Artist studios bring new era of creativity to Wapping

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The Rum Factory studios. Pic: Ollie Hassop

A new artist studio complex- the Rum Factory – was opened in the former News International site in Wapping last week by Bow Arts Trust.

The Rum Factory studios in The Pennington Street Warehouse are named after the buildings previous use as a rum store, although they were more recently part of the Wapping complex formerly owned by Rupert Murdoch’s  News International.

The warehouse refurbishment is part of the London Dock development by property developers, St George. Bow Arts and St George are working in partnership to restore the warehouse, which has been closed to the public for over 200 years. St George bought the site from News International in 2012 for £150m.

The launch featured with talks from leading industry figureheads, among them Sir Nicholas Serota, director of the Tate, who congratulated Bow Arts “on prospering after twenty years and celebrating twenty years by this new development.”

The panel discussed the history of the building, highlighting the significance of reinventing it into a creative space for a community of artists.

The site was a scene of an acrimonious year-long dispute from 1986 to 1987, after News International moved its entire production from Fleet Street to Wapping and effectively ended the dominance of the printing unions, who staged a mass picket of the plant, which led to angry confrontations between pickets and police. The building was also the heart of the phone hacking scandal at the News of the World, which led to the Leveson inquiry.

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News International offices at the Rum Factory studios. Pic: Aleksandra Michalik


In an apparent reference to the hacking scandal, Sir Nicholas said of the past residents of the building: “I know that within 24 hours the artists in this building will have banished the ghosts that remain here.”

Baettig said The Rum Factory studios were brought about by “the vision of affordable workspace in the heart of London where artists can thrive and work together and have ideas.”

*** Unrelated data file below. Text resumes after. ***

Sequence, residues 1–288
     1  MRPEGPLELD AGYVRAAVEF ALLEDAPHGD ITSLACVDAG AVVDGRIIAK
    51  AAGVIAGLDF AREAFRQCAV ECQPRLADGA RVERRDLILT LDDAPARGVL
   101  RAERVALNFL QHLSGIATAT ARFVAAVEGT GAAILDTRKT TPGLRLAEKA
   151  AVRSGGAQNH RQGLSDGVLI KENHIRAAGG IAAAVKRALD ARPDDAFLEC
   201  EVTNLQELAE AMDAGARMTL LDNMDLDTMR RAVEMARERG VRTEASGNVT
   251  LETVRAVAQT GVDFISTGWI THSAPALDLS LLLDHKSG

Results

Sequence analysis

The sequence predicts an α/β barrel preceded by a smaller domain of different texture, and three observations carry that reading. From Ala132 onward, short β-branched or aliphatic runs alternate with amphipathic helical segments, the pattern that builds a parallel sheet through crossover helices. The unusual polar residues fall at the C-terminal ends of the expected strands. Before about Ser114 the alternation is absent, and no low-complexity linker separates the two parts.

The space features ninety studios, all of them open plan, with no ceilings or doors, which encourages communication and networking.

The size of the studios ranges from 90 to 400 square foot, with prices starting at 138 pounds a month. Most expensive spaces are rated at 500 pounds. The bigger studios can be shared between a number of artists. Baettig, Bow Arts’ Chief Executive, said: “I am enormously proud of what the organisation has achieved in its first twenty years and how many emerging artists we are now able to support.”


The opening marks the 20th anniversary of the charity, which supports more than 400 artists in East London. In addition to providing affordable studios for artists, Bow Arts runs an education programme and a contemporary art gallery called The Nunnery on Bow Road.

Baettig added: “We were very much community facing and it was that community facing attitude which has helped to mould us and teach us over the years and its probably why we are still not just going but also growing.”

Sir Nicholas said: “The fact is that artists right in the heart of the city make a difference to the city as a whole. And artists, especially young artists, need to be in conversation with each other. Being in this complex and meeting other 40, 50, 60 other artists is a very different experience from finding a small room somewhere way out on the central line.”

Pia Bramley, one of the artists who has newly moved into the space emphasised the difference that having a workspace makes to an artists life: “I always used to work from home but when I did that course [at The Royal Drawing School] we had our own studios and it made me realise how important it was and how much more productive I could be. It makes your work better and your life better because when you’re at home you can do home things.”

Bramley specialises in expressive ink drawings of everyday life of ordinary people. In the past she has worked for London Fashion Week, Anthropologie and The New York Times.


Bolton’s studio in the process of moving in. Pic: Aleksandra Michalik

Another artist,  Johanna Bolton,  said: “I think you get a lot of influence and ideas just by looking around, even if people are doing very different things you still get this energy in the space where people are doing things.”

Bolton, who has a doctorate in molecular biology from Cambridge but recently graduated in Fine Art from the Chelsea College of Art, focussed on the complexity of objects. One of her projects involved photographs and sculptures based on a three-year study of knots formed by hairbands.

To apply for a studio artists can visit

This weekend will see Bow Art’s annual Open Studios weekend on Bow Road,  running from June 19 to 20.

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